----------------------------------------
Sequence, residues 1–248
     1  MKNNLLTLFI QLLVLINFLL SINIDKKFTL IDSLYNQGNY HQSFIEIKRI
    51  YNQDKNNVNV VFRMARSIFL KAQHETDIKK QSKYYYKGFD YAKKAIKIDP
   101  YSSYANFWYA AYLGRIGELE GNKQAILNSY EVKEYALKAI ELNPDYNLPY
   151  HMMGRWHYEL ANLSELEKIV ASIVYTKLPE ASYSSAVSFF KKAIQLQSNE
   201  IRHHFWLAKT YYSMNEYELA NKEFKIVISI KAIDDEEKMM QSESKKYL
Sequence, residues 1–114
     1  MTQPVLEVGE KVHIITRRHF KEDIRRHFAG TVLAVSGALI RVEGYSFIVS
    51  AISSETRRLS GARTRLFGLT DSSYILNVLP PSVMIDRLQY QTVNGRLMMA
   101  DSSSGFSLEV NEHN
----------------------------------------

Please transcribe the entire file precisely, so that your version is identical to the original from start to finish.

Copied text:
Sequence, residues 1–248
     1  MKNNLLTLFI QLLVLINFLL SINIDKKFTL IDSLYNQGNY HQSFIEIKRI
    51  YNQDKNNVNV VFRMARSIFL KAQHETDIKK QSKYYYKGFD YAKKAIKIDP
   101  YSSYANFWYA AYLGRIGELE GNKQAILNSY EVKEYALKAI ELNPDYNLPY
   151  HMMGRWHYEL ANLSELEKIV ASIVYTKLPE ASYSSAVSFF KKAIQLQSNE
   201  IRHHFWLAKT YYSMNEYELA NKEFKIVISI KAIDDEEKMM QSESKKYL
Sequence, residues 1–114
     1  MTQPVLEVGE KVHIITRRHF KEDIRRHFAG TVLAVSGALI RVEGYSFIVS
    51  AISSETRRLS GARTRLFGLT DSSYILNVLP PSVMIDRLQY QTVNGRLMMA
   101  DSSSGFSLEV NEHN